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7/2/2013 11:45 P.M. ET

First baseman Choi added to Futures roster

ARLINGTON -- The Mariners added one Minor Leaguer to the upcoming Futures Game on Tuesday, but lost another as Major League Baseball adjusted the roster for the July 14 game in New York.

Mariners shortstop Brad Miller was replaced on the U.S. team by D-backs shortstop Chris Owings, since Miller won't be eligible to play now that he's on the Major League roster. Miller went 1-for-4 in Tuesday's 9-2 win over the Rangers, and is now 3-for-15 in his first four games with the Mariners.

But young first baseman Ji-Man Choi, currently playing for Double-A Jackson, was added to the World team as a replacement for Rangers catcher Jorge Alfaro, who broke his hand when he was hit by a pitch on Friday.

Right-handed pitcher Taijuan Walker had already been named to the U.S. team. Walker pitched his second game since being promoted to Triple-A Tacoma on Monday, and has yet to give up a run in 11 innings with the Rainiers.

The 15th annual SiriusXM All-Star Futures Game takes place at 11 a.m. PT on All-Star Sunday, July 14, at Citi Field in New York, and can be seen live on MLB.com, ESPN2 and ESPN2 HD and followed live on MLB.com's Gameday. In addition, XM Radio will broadcast play-by-play coverage of the event live on MLB Network Radio XM 89.

MLB.com will also provide complete coverage before, during and after the game. Fans can stay updated by following @MLBFutures on Twitter and can send/receive tweets to/from the U.S. and World Team dugouts during the game by tagging tweets with the hashtags #USDugout and #WorldDugout.

When the rosters were announced last week, Choi was one of the five Futures Finalists vying for the final spot on the World team. He finished fourth in the fan vote, which was won by Astros shortstop Carlos Correa, but Choi is now headed to the game anyway.

The South Korean native began the year at Class A Advanced High Desert, where he hit .337 with seven home runs in 48 games. The 21-year-old was promoted on June 3 to Jackson, where he is hitting .221 with five home runs in 21 games.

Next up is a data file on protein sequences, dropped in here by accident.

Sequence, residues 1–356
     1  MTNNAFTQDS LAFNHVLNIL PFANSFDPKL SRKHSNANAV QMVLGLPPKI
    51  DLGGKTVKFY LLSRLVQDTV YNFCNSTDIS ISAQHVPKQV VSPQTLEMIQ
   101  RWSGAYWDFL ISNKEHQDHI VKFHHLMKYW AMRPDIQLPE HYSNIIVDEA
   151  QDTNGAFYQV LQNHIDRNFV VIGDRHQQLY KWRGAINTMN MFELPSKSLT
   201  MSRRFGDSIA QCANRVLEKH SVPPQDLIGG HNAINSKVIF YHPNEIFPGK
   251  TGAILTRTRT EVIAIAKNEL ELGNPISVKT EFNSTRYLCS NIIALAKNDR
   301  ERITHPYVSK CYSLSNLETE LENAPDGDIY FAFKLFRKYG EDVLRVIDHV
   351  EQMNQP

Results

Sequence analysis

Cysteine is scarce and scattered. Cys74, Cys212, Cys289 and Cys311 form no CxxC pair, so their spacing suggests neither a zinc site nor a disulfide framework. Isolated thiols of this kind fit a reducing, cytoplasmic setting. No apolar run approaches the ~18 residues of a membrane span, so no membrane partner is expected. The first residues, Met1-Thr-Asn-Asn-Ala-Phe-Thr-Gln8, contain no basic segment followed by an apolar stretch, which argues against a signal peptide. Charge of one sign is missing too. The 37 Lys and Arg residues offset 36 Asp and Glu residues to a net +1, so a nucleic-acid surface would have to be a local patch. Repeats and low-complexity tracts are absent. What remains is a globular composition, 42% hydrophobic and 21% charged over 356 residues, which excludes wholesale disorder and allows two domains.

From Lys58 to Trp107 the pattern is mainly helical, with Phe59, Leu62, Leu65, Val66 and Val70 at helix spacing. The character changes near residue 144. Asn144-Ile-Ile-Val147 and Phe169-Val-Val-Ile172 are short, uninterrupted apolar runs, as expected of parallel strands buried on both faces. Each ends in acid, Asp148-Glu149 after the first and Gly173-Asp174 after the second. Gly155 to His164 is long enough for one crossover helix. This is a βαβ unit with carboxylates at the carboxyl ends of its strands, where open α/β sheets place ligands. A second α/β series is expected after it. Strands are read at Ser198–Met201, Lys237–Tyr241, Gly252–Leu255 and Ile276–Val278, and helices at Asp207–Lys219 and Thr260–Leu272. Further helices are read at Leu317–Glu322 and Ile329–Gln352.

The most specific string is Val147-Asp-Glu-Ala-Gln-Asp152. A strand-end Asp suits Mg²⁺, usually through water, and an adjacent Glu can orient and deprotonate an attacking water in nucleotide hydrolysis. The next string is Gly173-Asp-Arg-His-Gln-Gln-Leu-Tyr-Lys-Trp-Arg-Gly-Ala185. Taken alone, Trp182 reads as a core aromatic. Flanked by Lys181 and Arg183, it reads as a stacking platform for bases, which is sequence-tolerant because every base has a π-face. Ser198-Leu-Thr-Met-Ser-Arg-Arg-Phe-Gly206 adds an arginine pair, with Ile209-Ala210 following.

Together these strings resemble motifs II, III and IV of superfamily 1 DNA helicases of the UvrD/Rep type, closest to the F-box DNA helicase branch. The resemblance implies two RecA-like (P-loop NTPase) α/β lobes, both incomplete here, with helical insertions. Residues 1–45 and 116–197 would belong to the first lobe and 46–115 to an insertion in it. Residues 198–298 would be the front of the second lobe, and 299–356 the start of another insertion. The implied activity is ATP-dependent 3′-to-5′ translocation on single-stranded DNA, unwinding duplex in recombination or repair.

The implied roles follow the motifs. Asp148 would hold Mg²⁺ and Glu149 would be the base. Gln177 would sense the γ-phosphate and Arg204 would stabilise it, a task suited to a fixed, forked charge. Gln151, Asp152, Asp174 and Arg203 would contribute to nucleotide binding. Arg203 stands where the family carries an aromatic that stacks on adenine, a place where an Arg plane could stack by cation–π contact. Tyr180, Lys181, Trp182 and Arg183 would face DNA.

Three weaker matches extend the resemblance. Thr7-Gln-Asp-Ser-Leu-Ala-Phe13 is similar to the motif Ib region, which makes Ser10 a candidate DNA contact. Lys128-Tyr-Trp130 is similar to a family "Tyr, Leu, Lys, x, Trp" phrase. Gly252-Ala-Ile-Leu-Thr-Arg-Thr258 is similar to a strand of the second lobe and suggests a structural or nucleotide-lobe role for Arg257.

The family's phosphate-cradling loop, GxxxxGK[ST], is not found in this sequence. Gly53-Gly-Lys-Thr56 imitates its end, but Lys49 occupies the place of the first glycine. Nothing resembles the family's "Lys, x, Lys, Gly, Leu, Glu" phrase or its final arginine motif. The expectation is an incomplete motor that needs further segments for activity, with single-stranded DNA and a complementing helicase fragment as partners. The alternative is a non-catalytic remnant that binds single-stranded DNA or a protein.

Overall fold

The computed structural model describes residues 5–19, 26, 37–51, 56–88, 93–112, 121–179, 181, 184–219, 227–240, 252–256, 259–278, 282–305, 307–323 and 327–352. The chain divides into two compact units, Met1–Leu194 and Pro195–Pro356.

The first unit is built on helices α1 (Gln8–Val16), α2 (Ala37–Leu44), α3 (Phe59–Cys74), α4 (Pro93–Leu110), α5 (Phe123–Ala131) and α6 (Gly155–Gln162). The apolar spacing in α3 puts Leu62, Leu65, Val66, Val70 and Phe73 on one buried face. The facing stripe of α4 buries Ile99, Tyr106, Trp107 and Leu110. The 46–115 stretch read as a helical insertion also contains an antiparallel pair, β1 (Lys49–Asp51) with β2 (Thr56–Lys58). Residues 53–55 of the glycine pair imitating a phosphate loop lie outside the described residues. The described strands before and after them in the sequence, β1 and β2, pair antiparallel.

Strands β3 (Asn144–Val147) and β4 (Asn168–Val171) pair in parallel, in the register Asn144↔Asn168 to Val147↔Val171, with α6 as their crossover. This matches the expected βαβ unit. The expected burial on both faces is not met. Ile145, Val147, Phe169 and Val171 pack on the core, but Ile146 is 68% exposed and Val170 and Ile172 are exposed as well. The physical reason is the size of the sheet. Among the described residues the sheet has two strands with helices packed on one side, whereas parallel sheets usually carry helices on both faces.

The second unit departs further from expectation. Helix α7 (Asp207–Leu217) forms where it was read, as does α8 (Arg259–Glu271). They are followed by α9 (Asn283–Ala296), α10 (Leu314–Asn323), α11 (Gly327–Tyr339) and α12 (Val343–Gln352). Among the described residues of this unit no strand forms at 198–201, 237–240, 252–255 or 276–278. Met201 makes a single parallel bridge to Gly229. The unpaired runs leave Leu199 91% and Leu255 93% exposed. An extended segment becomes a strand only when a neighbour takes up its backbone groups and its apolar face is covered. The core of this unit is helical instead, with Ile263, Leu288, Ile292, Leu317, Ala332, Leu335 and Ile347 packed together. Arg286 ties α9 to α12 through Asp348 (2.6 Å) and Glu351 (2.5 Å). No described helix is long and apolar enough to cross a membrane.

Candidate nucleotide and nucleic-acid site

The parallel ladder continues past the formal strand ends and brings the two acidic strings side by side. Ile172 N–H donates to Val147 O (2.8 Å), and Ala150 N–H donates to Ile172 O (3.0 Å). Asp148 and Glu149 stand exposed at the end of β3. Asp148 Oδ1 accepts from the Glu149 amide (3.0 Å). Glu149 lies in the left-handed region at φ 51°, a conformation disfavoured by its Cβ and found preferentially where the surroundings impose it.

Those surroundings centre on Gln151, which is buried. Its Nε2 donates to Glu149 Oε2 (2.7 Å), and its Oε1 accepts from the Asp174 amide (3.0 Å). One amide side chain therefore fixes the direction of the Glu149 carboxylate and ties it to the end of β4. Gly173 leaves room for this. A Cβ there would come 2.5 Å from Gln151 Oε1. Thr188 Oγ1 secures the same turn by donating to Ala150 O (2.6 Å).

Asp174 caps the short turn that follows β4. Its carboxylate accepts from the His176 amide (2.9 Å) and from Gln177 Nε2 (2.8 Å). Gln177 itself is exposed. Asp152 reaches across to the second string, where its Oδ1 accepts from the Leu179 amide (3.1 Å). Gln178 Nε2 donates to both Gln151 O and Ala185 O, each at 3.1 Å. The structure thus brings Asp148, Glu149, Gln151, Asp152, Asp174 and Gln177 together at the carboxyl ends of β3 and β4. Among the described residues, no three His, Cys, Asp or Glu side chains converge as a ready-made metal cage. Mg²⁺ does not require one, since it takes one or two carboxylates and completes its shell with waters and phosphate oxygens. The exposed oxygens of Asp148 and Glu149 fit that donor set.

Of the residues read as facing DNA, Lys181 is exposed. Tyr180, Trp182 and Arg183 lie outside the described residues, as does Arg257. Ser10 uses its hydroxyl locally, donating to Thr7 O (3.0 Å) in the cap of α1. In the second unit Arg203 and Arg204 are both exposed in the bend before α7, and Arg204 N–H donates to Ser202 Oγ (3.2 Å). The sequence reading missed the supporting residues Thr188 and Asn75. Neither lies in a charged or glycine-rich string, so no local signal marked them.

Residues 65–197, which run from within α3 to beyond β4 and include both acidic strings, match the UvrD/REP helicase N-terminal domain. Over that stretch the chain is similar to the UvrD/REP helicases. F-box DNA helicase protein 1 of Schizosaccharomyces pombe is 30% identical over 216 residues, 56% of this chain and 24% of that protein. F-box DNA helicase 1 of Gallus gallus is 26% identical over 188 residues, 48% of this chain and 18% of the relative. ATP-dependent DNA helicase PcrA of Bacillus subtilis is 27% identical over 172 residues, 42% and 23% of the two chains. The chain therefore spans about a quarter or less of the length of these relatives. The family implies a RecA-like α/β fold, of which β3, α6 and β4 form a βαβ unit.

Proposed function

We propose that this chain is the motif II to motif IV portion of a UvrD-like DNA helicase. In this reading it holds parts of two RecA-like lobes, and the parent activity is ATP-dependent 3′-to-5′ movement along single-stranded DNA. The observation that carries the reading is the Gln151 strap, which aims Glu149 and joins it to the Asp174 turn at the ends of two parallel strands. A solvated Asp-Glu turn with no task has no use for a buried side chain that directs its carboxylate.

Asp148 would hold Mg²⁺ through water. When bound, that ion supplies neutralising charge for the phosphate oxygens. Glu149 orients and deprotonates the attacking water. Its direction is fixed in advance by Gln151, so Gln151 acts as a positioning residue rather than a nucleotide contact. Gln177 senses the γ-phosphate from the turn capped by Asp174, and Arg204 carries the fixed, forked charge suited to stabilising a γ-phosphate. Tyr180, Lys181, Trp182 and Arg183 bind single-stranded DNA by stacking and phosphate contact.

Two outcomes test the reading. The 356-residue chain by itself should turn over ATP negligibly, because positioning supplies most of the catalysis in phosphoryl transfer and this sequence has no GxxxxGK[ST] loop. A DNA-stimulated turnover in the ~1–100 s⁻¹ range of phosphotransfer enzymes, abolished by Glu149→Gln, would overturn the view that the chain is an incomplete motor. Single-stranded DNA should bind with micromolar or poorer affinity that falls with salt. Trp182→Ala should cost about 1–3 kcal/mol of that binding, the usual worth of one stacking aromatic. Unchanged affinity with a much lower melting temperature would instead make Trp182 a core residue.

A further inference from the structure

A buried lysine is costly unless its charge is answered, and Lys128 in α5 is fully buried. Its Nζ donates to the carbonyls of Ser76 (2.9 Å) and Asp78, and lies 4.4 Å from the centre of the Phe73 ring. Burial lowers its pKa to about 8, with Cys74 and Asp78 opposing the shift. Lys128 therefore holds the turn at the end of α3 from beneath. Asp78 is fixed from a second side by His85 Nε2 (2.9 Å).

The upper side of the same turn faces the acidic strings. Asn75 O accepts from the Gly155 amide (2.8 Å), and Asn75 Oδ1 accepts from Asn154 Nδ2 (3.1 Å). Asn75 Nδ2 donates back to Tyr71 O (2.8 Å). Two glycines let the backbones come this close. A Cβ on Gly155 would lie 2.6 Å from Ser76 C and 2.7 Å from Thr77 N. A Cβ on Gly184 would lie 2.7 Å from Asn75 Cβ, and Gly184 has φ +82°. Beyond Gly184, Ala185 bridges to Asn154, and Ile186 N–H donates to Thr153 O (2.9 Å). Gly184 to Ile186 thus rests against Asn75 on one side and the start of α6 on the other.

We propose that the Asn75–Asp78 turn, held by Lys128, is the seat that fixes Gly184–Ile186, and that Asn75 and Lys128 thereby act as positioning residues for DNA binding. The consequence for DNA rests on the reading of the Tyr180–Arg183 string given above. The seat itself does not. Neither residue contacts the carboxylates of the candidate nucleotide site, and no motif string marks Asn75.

Ackley returns to lineup after thumb sprain

ARLINGTON -- Dustin Ackley was back in the starting lineup on Tuesday, batting seventh and playing center field, as the Mariners opened a three-game series against the Rangers, having recovered enough from a sprained left thumb to help Seattle's short-handed outfield. He went 1-for-5 with an RBI double in the 9-2 win.

Ackley hurt his thumb when he rolled over his glove while making a diving attempt at a line drive in Saturday's loss to the Cubs at Safeco Field. It was only his second game in center field since transitioning from second base.

Ackley, who didn't play on Sunday prior to Monday's off-day, had the thumb taped, but said it wouldn't bother him at the plate or in the field.

"It's just wrapped a little bit just for precaution, but it feels good," Ackley said prior to Tuesday's game. "I went and hit in the cage and everything felt pretty good. If it was hindering me in any way, where it would affect my performance, I think they'd have shut me down. But it felt fine."

The Mariners already have outfielders Franklin Gutierrez and Michael Morse on the 15-day disabled list, and Michael Saunders hasn't played since suffering a gash on the middle finger of his right hand by a spike while diving back on a pickoff attempt on Friday.

Saunders threw and took swings in the cage before Tuesday's game to test out the finger and said he was "definitely available" after feeling marked improvement following the Mariners' off-day.

"It's coming along nicely," Saunders said. "When I went and threw, the further I got back and really had to stay on top of it, I felt it a little bit. But it's healing nicely. I've come a long way just in the last couple days.

Manager Eric Wedge was less optimistic about Saunders, though he was excited by Ackley's quick recovery.